Words come easily – except when they don’t…

The front of Totleigh Barton Manor, Devon, one...

The front of Totleigh Barton Manor, Devon, one of the writing centres of the Arvon Foundation, a charitable organisation promoting creative writing. (Photo credit: Wikipedia)

If you are a writer, professional or otherwise I’m sure you have experienced this at some point – the dreaded writer’s block.

You might think that because I have still managed to get a post out each day this week that I don’t have that problem, but the thing is I do. That is why I am writing this post today.

Normally I have a number of posts scheduled in advance and even when I don’t it is usually easy to come up with something to write about each day. Heck, even right now I have a list of ideas for posts, and yet the words just won’t come.

I know the underlying cause is actually my current apathy towards most things, but normally even when I am having difficulty feeling up to getting dressed each day (the curse of  the BPD lows/depression) I can still write. Writing is often my saving grace that eventually spurs me into motion in other areas, it lifts me, my mood and encourages me to keep on keeping on. But not this time, this time I don’t even feel like writing.

So, what have I done to tackle this affliction?

Well first off I forced myself to write for others, deadline’s to be met. I wrote two posts that I am being paid for (money is always a good motivator right? lol) and I wrote a guest post for This Week in Mentalists. All well and good I met my deadlines and I think (if I do say so myself) I did a pretty good job of the content.

Next, I decided to have a night off and go to the cinema, this turned out to be a very good move as I enjoyed the film so much I came straight home and wrote a review of it which went up here yesterday.

But, despite this I am still lost for words. I have looked at my list of topics to write about and cannot get started on a single one. Instead I thought I would write about not being able to write.

Usually doing something different, taking a break from the frustration of not being able to write, eases the problem. After all the frustration that arises from not being able to write only makes the problem worse as you begin to stress about the fact that the words won’t flow!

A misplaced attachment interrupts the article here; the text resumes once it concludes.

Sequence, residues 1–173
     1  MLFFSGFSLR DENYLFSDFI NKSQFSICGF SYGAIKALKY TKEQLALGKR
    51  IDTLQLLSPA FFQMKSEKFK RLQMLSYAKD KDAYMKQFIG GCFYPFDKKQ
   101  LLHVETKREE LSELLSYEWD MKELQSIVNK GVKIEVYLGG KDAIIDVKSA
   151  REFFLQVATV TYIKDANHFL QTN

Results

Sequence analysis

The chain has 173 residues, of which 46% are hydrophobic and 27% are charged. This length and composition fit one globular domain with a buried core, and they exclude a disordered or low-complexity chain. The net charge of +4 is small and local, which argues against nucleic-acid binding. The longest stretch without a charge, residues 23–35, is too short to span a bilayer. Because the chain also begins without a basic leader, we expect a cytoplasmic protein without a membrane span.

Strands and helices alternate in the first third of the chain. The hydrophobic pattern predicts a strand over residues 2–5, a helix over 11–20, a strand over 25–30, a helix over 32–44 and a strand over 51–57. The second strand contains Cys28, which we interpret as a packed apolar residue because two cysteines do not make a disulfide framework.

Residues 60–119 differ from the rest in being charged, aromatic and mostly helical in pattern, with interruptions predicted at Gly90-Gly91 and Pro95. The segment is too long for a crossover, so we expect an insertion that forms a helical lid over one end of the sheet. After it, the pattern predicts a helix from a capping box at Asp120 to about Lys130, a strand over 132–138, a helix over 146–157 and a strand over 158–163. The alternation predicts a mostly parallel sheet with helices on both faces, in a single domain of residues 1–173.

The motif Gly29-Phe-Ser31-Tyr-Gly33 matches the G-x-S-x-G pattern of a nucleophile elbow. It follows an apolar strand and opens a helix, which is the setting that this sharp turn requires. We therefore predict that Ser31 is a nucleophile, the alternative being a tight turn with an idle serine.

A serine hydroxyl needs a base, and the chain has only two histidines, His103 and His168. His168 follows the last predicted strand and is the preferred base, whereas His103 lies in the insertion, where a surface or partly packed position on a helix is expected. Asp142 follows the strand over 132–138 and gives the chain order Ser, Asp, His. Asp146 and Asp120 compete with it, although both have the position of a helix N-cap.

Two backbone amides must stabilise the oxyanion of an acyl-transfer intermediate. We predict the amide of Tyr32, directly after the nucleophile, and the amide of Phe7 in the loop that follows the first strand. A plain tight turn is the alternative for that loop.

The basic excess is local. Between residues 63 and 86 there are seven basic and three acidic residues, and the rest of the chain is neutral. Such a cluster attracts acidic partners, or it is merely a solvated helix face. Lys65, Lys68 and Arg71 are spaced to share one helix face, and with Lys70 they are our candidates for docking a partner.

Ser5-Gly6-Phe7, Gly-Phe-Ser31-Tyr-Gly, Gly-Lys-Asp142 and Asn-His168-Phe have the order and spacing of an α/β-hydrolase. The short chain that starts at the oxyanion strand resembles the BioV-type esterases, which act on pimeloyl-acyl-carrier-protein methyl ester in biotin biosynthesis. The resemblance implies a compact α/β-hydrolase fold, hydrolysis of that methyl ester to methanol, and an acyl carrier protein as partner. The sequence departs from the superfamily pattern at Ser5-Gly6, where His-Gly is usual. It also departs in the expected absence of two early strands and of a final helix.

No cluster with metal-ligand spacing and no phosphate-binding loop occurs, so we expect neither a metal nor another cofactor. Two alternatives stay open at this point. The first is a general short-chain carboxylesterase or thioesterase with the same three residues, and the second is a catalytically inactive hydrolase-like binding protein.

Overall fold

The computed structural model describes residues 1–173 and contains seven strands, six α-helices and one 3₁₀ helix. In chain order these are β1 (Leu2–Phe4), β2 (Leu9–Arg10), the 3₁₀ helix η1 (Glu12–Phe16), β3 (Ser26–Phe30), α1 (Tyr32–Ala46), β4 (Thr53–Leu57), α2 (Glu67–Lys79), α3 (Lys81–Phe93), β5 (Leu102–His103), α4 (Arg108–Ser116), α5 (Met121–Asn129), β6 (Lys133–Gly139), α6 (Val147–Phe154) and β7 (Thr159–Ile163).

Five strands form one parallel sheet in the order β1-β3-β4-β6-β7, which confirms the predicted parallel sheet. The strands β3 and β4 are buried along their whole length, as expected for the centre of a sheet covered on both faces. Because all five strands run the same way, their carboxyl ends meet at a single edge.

Doing something else, be it reading, cinema, going out somewhere different these are often the kinds of things that will arouse inspiration, I really thought it had worked when I felt so compelled to review Battleship so immediately, but it didn’t stay, it didn’t roll over into the other areas of my writing brain 😦

I’m lost for ideas now, how to get the writing mojo back?

Maybe you guys reading might have some tips to help me get my mojo back again?

I need to get back on the writing horse quickly, not only so I can keep up my regular posting schedule here but because in a couple of weeks time I am going on an Arvon writing course and I also have my work’s in progress to keep on top of, if I don’t ever finish writing the first drafts of these books I am never going to have a chance of getting them published am I??

I really want to make sure I have posts scheduled in advance for the week I am away so that my blog doesn’t flounder in my absence! and I’m sure my beloved readers would be amiss without my daily input!? 😉

Well, I’m going to go and have a try at putting together my Flash Fiction Friday piece, I hope the words will just flow if I can get the right prompt. After that who knows what will happen. I hope it will kickstart the inspiration and motivation and I will just end up churning out a number of great posts, if not – yikes I’m screwed!

So come on guy’s, give me your tips for getting back in the writing mood!

Any help gratefully received!


22 comments on “Words come easily – except when they don’t…

  1. Pleased that you felt you could write about this, a problem shared and all of that. I’m sure many of us are nodding our heads in agreement at your words here and you have succeeded in writing a post. I find going to somewhere inspiring helps me but the biggest thing this year has been writing morning pages as suggested by Julia Cameron in her book – The Artist’s Way. Do you know of it? If not, you might want to get a copy and try it out. Hope this helps and sending positive writing vibes your way.